The Story of Us (1999) **1/4
Directed by Rob Reiner. Written by Alan Zweibel & Jessie Nelson. Photography, Michael Chapman. Editing, Robert Leighton. Production design, Lilly Kilvert. Music, Eric Clapton and Marc Shaiman. Cast: Bruce Willis (Ben Jordan), Michelle Pfeiffer (Katie Jordan), Colleen Rennison (Erin at 10), Jake Sandvig (Josh at 12), Tim Matheson (Marty), Rob Reiner (Stan), Julie Hagerty (Liza) and Rita Wilson (Rachel). Produced by Reiner, Nelson & Zweibel. A Universal release. 92 minutes. R (strong sexual language).
1. Why I Saw This Movie. The able and smart main film-critic of this country's best newspaper, unlike many other reviewers, is especially kind to movies. Yet this person's write-up on The Story of Us was so unusually scathing that it piqued my curiosity.
2. Whom I Saw It With. A substantial audience. They seemed to like it, laughed often. I did too, but much less.
3. What Does The Film Remind Me Of. The same director's When Harry Met Sally (1989) --in reverse. Call it When Ben and Katie Separated After 15 Years of Marriage and Two Kids. But this wouldn't fit the marquee.
4. What I Learned About Bruce Willis. He is left-handed, bald and uses terrible hairpieces. He plays a writer, but I didn't figure out precisely what he writes. More importantly, he can not only do action flicks but he can also act.
5. What I Found Out About Michelle Pfeiffer. She is 42, lovely as ever, still at the very top of the list of appealing stars. Her eyes continue to fascinate me by their beauty and the oddity than they are always ever so slightly bloodshot. This reinforces their power to suggest sorrow. Here Pfeiffer is a professional crossword-puzzle editor, undoubtedly a most instructive job.
6. How Her Profession Is Worked Into The Movie. Just a little. On the other hand, as a working Mom she has a normally frantic life.
7. What Genre The Film Belongs To. The romantic comedy. (You know even before you get your ticket that there will be a happy ending. It takes the form of a long speech by Pfeiffer, is phony, and too artificially emotional for the usually cool Michelle). The real sub-genre is Comedies of Remarriage. Couples split for whatever reason but get back together. Some great old movies in this group are My Girl Friday, My Favorite Wife, the Hitchcock rarity (not a thriller) Mr and Mrs Smith.
The couple hide their ever-increasing differences, gripes and other Bad Things from their teen-age children so as not to upset them. Which is ridiculous as the presumably intelligent kids ought (but have not?) seen or sensed their parents' problems. The separation starts after the parents have taken the children to summer camp. Willis moves to an hotel, then an apartment. Pfeiffer enters, by chance, into a relationship with a divorced family acquaintance. Honor is Safe. Supposedly nothing happenes between this new twosome, beyond cooking beautiful Thai food together. Come on!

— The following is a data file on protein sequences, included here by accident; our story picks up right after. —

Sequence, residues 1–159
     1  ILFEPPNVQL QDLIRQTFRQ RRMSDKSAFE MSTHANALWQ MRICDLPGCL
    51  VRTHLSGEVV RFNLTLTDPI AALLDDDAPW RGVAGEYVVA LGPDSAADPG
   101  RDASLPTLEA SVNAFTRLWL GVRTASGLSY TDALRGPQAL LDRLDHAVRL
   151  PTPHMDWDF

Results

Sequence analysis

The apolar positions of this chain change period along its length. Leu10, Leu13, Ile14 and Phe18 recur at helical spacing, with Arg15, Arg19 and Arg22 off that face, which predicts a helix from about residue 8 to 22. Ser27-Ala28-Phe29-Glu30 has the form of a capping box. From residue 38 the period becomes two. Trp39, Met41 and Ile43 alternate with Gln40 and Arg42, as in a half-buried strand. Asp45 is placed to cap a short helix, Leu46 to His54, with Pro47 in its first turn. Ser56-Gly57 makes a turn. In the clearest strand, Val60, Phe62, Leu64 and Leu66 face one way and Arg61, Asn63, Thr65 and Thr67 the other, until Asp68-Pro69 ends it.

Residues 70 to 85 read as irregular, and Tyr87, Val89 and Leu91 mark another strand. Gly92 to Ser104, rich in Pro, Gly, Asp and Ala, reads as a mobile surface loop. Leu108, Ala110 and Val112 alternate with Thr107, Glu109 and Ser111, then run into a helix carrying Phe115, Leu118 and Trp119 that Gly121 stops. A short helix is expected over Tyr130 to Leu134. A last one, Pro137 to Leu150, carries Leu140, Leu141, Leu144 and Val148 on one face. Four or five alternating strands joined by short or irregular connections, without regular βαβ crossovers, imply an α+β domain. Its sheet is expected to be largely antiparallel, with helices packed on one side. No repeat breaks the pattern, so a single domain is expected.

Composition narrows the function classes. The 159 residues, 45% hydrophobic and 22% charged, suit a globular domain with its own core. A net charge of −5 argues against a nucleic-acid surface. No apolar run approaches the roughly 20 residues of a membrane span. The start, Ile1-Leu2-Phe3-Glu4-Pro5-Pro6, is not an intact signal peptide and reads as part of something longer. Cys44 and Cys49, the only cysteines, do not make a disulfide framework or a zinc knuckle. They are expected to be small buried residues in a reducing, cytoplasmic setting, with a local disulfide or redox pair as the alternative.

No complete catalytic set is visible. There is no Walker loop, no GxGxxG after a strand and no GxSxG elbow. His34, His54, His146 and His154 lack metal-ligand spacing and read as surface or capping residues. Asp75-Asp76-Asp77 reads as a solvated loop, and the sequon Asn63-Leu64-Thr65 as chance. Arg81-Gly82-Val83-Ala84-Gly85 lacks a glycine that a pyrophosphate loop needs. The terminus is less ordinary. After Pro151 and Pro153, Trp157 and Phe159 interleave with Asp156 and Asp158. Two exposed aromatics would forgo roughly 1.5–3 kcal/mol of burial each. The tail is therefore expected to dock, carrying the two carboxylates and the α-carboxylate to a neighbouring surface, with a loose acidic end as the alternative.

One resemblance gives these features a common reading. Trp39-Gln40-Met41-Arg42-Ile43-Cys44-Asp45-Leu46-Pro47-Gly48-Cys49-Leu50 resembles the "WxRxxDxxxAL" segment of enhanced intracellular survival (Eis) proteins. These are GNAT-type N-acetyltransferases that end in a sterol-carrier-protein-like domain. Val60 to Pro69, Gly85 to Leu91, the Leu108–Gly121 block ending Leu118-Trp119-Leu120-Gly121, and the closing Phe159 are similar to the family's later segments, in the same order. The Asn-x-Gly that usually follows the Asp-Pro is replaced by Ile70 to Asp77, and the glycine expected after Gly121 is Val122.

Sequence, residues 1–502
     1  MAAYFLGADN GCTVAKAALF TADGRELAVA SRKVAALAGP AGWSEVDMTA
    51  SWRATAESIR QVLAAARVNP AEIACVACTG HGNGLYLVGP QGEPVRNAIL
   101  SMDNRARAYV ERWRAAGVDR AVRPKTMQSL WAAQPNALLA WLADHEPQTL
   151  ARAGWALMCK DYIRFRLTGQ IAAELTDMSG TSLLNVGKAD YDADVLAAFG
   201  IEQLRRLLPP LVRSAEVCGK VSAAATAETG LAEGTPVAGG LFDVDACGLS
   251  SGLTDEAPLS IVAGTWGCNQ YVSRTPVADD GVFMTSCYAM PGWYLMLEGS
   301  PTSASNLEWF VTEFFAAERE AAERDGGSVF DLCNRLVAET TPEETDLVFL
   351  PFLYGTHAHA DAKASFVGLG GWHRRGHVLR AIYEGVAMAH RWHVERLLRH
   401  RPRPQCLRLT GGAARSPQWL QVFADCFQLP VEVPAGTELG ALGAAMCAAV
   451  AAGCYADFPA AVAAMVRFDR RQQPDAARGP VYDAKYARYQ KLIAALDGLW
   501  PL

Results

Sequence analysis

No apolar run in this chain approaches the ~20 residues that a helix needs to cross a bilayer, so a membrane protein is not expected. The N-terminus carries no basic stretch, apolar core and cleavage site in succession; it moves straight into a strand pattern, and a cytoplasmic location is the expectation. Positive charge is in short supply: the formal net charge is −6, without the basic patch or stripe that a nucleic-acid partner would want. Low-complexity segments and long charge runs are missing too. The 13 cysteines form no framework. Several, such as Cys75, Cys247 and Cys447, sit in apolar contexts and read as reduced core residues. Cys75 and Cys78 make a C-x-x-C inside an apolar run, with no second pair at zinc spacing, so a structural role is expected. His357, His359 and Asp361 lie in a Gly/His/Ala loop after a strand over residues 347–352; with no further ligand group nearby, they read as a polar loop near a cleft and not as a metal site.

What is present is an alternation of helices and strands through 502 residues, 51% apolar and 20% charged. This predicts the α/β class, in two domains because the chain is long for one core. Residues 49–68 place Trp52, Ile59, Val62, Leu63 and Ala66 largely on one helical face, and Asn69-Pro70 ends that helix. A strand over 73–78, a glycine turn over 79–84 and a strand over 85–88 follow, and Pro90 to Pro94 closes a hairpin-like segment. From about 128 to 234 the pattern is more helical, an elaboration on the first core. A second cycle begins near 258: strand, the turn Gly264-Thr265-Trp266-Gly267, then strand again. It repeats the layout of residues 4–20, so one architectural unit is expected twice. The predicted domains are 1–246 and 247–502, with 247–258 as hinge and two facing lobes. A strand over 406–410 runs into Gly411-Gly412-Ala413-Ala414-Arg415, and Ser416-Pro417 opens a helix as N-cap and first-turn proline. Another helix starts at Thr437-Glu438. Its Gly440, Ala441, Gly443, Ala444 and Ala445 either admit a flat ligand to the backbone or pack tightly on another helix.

A familiar yet realistic touch. When the man finds out that the couple has split up, he expresses his strong sorrow then makes an immediate pass. But other sections are over the top: a sequence of Willis and a close friend (played by director Rob Reiner) philosophizing about couples is forced; a sequence where Willis, Reiner and the latter's wife (Rita Wilson) go to a posh restaurant and Willis starts shouting out his problems is ham-fisted; a scene where Willis tells pal Dave (Paul Reiser, unusually sufferable) that he wants to write a book about his (Willis's) grandmother is gauchely worked into the story.
The story is related in bits, with a profusion of flashbacks, flashforwards, flashsideways, and with the spouses addressing directly the camera. One of the flahsbacks, a trip to romantic Venice (in Italy, not California) in order to rekindle the old passion and make them an "us" again, is rather amusing Especially when they meet an older couple of obnoxious, loud and jocular tourists from Cleveland. But the return home is artificially made into an instant fight. There are, too, three flashbacks to shrinks/marriage counselors, all three forced.
The flick travels in time non-stop. It uses sitcom humor with sitcom-ish fragmented action, the only difference being the uncensored language. There is brio, albeit overdone, in a raucous restaurant sequence in which Pfeiffer and her best friends Julie Hagerty and Rita Wilson discuss husbands and sex. This is mechanically paralleled (though also lively ) in a restaurant meeting of Willis, Reiser and Reiner who discuss wives and women. Both have some humor, plus a lot of four-letter and sexual anatomy descriptions by Rita Wilson.
If all this sounds like a sloppy script, it is. Curiously, however, the picture does not feel irritating, dull or overlong -- at least not until about minute 80 (out of 92).